However, I’m prepared to be patient (to a degree), as Hauerwas requests. I’ve managed to read through the first of his Gifford lectures, and that’s more than enough for me (and my understanding of it all is further undermined by some egregious typos in the text). A number of thinkers are referenced and sometimes discussed at some length – I’ve read a little Aquinas, and more of William James, but the others –  Karl Barth, Reinhold Niebuhr and Alasdair MacIntyre, are only familiar to me as names. These intellectuals have no doubt great resonance in the (clearly shrinking) theological world Hauerwas has chosen to inhabit, and that’s probably the main reason they mean so little to me, as I inhabit the world of modernist nihilism that Hauerwas apparently inveighs against.

To be fair, Hauerwas takes care to claim that the modern era, like the middle ages, is far too complex for any brief laudatory or condemnatory summation. To this effect, he says:

It is important… that I make clear that I do not assume my account of modernity is necessarily one of declension. Though I admire and am attracted to many of the movements and figures we associate with what we call the Middle Ages, I do not assume the latter to be some golden age from which modernity names a fall.

However, I’m suspicious of this claim, as elsewhere in this lecture he speaks of modern nihilism as a given, and as a problem.

But before I go on, I’ll try to give a brief overview of this first lecture, which I’m sure will be seen as a travesty of his views. To some extent it’s a problematising of the stated purpose of the Gifford Lectures, which is apparently to argue for the existence of a god without resort to divine revelation (or perhaps argue about, since a number of previous lecturers, such as John Dewey, William James and A J Ayer, were secularists). It’s Hauerwas’s contention that natural theology is a modern, post-enlightenment phenomenon that wouldn’t have been recognised by earlier theologians such as Aquinas, and that to reduce the Christian god (‘the ground of everything’) to something to be explained or proven, like dinosaurs or black holes (not, unfortunately, Hauerwas’s examples) is more or less to already admit defeat. Of course, he’s right there, and it’s no wonder he inveighs against modernism!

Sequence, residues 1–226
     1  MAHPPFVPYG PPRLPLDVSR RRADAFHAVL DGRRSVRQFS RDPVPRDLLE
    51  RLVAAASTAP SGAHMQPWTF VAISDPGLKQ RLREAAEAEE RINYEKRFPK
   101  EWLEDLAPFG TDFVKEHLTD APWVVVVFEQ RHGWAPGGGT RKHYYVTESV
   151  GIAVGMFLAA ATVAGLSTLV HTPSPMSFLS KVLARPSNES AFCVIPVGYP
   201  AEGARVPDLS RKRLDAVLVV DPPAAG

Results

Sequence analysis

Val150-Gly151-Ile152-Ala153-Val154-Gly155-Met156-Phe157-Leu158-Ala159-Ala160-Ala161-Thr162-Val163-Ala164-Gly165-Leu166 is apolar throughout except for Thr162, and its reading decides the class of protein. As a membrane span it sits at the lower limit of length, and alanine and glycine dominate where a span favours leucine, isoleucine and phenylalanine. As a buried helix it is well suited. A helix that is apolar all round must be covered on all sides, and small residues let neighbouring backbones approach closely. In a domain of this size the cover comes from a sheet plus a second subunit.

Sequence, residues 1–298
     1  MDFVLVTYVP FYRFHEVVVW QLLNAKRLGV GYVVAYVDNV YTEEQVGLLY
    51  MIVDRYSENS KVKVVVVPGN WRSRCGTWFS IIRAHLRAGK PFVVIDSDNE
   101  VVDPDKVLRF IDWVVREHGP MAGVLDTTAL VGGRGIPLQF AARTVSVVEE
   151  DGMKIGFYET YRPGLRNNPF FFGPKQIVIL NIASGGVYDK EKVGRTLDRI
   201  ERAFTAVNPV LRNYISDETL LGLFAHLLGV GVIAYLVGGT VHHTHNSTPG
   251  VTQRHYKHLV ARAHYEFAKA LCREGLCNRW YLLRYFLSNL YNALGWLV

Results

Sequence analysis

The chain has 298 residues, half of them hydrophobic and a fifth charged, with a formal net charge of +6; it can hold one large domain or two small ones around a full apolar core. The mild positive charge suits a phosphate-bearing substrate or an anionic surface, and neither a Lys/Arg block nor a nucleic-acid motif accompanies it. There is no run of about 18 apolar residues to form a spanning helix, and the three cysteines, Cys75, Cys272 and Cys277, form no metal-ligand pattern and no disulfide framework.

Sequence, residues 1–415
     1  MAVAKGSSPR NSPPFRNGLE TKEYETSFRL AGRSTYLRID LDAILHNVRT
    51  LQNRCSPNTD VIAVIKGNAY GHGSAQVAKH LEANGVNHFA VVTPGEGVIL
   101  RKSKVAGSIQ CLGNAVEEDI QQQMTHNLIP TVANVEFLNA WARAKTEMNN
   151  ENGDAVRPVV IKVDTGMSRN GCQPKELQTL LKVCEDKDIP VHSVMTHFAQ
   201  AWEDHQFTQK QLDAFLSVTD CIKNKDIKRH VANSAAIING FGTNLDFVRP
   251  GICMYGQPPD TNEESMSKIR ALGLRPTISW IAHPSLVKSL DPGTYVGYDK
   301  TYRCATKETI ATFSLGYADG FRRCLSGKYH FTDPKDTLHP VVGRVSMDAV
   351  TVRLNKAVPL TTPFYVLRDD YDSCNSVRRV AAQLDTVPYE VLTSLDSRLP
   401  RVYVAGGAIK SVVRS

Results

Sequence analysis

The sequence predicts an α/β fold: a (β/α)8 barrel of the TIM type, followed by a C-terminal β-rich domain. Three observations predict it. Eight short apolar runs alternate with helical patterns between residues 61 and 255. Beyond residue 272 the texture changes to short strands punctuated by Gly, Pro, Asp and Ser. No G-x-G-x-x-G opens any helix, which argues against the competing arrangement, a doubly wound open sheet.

Hauerwas claims Karl Barth in particular as a major influence in his thinking, which seems to involve just accepting the ‘truth’, particularly of the life of Jesus and his death on the cross, and being a ‘witness’ to this life, particularly in the way one lives one’s own life. In outlining this view, he expresses extreme confidence about the essentiality of Jesus and the manner of his death as an example and a message.

I can’t write about this in the way that theologians write, and I certainly don’t want to, so I’ll be much more blunt and say that the problem here is one of faith – a term nowhere mentioned in this lecture.

PBog

Peter Boghossian

The atheist philosopher Peter Boghossian recently toured Australia to promote his book, A manual for creating atheists, and the general project behind it. The tour was partly supported by an organisation called Reason Road, of which I’m a member. It’s Boghossian view – and I think he’s right – that it’s faith rather than religion that atheists need to question and undermine, in order to promote a healthier view of the world, and his characterisation of faith is also something I like. He calls it ‘pretending to know what you don’t/can’t know.’ He also describes faith as a virus, which should be combatted with epistemological antibiotics. Bearing this in mind, it’s worth quoting a couple more of Hauerwas’s statements:

… the heart of the argument I develop in these lectures is that natural theology divorced from a full doctrine of God cannot help but distort the character of God and, accordingly, of the world in which we find ourselves.

That God is Trinity is, of course, a confession. The acknowledgment of God’s trinitarian character was made necessary by the Christian insistence that the God who had redeemed the world through the cross and resurrection of Jesus was not different from the God of Abraham, Moses, and the prophets. God has never not been Trinity, but only through the struggle to render its own existence intelligible did the church discover God’s trinitarian nature. Accordingly, Christians believe rightly that few claims are more rationally compelling than our confession that God is Trinity. Of course, our knowledge that God is Trinity, a knowledge rightly described as revelation, only intensifies the mystery of God’s trinitarian nature.